State of Kerala accounts for the 25.5 per cent of Muslims as one of the biggest population concentration among the Indian states after the state of Assam . Muslims of Kerala have entirely different narrative of history and development than Muslims anywhere else in India. Historians have pointed out that Malabar (North Kerala) had trade contacts with the Arab lands even before 3000 BC (Pillai-1940). Arabs came for trade, settled and married the women of the region and preached Islam in the coastal regions of Malabar. Most of the untouchables were attracted to the religion as there was rampant caste system. This was the beginning of the Muslim society in this part of the country. Today, Muslims in Kerala constitute about a quarter population of the state’s total population (24.7 ).  Unlike the Muslims of the other Indian states, Muslims of Kerala have a comparatively, though not very substantial, higher socio-economic and educational development. This is reflected in various indicators of socio economic development of the Muslims in the state. This also has been seen in the general human development achievements of the state of Kerala (Yoginder, 2007). However, one must also understand that Muslims in Kerala relatively have better socio-economic condition in comparison to their other counterparts but this is not the complete picture. In comparison with the Hindu and Christian populations in Kerala, the Muslims are backward in terms of education levels, literacy and other general development indicators . The Sachar Committee observes that, while Muslim constitutes 24.7 percent of the total population they constitute 30.7 per cent of the total poor (BPL) in Kerala. Their share under the various Government programmes ranges between 5 per cent and 18 per cent, except in programmes like Co-operative Credit (25%), National Tuberculosis Control Programme (28%) and National Programme for Control of Blindness (21 %). The share of Muslims is less than 12 % in the schemes implemented by Rural Development and Housing Departments .  It is evident that the Muslim representation in the below poverty percentage is more than the total share of their population in the state. Their representation in the government services employment is 11.4 which is less than half of their total population percentage and which less than the share of states SC is and ST population representation in the public sector employments . This also gives indications to the educational backwardness, which I will discuss in the later part of the paper. This is the general condition of the Muslims in Kerala who enjoy a relatively better position than their counterparts in different parts of India. The 1970s saw the beginning of the huge migration from the state from all different section of populations. This got accelerated during 1980s and to this date the trend continues even today though there have been the chaos of Nitaqat law introduced in Saudi Arabia and other increasing emigration restrictions for the less and unskilled workers in Gulf region. The earlier studies on the huge migration in general provided some valid reasons for this trend including the historical connection with the Middle East in trade and commerce, the Islamic connection of Malabar with the Arab lands, and the ethnic connections (Josep, 2001).  The attractive wage rate that migrants could get in these countries was an important factor and at the same time, these earlier studies have not taken into cognizance that there has been poverty and rampant unemployment in the region, especially in Malabar. The earlier studies that came up on the Gulf migration from the state were found on some of the primary learnings. According to Nair’s study, there is preponderance in the number of Muslims among the return migrants, which can be seen as the reflective fact that they dominate in the number of emigrant workers to the Middle East. At the same time the general education level of the emigrants from the Muslim community was lowest; it was higher for Hindus and highest for the Christians. The same study looked at the proportion of the people who have at least the levels of education up to matriculation and higher qualified persons and it showed that about 71 percent among the Christians, 37 percent among Hindus and for Muslims it was merely 16 per cent. It is clearly evident that in terms of the number of migrants, in terms of religion, Muslims were the highest; at the same time they were also educationally backward as compared to the Christians and Hindus emigrants from Kerala.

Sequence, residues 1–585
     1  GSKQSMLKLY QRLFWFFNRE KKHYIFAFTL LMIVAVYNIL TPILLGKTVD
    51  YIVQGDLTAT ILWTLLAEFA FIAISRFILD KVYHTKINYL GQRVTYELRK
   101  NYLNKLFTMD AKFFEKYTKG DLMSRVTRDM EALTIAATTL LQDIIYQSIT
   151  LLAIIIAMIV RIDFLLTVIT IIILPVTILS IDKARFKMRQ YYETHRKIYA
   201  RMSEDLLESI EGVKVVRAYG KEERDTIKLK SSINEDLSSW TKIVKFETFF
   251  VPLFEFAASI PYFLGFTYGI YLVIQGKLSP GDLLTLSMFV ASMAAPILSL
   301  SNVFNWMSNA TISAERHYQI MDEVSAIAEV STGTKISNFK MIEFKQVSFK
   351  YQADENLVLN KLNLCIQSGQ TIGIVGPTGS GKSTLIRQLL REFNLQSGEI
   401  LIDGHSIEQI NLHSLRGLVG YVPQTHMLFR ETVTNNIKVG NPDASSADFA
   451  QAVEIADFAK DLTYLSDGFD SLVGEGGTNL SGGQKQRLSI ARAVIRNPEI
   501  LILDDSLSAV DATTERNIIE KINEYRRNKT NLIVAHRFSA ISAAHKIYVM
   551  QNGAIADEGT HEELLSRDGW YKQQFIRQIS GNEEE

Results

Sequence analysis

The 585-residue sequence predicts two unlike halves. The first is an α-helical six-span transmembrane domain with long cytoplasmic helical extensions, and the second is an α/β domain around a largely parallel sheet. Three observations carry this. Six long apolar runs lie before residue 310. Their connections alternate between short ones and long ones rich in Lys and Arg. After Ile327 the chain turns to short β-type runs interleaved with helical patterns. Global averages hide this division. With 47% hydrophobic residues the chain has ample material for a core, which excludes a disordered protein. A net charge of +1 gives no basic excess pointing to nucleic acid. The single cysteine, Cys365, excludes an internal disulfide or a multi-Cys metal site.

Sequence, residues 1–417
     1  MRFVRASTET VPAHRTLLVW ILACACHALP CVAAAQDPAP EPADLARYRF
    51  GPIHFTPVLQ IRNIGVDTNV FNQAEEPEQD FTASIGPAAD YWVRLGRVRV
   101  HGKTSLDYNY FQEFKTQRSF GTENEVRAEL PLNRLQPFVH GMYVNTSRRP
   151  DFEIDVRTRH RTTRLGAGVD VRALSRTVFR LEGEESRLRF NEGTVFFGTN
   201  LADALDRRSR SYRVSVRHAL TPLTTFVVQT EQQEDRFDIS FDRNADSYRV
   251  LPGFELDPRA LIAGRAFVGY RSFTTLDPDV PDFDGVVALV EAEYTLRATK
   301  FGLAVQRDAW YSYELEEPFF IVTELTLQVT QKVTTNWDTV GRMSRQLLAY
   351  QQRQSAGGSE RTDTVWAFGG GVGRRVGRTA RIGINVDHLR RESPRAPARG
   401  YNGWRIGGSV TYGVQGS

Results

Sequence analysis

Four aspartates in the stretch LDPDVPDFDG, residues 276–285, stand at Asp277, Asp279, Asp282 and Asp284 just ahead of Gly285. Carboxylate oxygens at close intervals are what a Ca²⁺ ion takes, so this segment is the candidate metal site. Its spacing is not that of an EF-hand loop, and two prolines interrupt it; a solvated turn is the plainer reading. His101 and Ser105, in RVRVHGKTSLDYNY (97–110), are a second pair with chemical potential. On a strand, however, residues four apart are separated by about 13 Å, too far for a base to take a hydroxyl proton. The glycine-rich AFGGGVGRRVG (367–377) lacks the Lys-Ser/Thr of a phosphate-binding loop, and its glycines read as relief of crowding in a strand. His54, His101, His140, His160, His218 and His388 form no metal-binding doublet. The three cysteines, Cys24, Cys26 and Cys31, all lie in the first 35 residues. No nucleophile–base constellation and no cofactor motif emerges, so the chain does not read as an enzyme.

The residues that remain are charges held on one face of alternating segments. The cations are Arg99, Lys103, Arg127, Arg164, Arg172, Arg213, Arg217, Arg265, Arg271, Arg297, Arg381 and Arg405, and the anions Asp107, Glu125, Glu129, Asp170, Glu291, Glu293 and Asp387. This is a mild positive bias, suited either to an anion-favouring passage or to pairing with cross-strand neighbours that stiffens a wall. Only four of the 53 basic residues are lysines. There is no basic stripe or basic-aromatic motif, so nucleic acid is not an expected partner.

Migration to Gulf from Kerala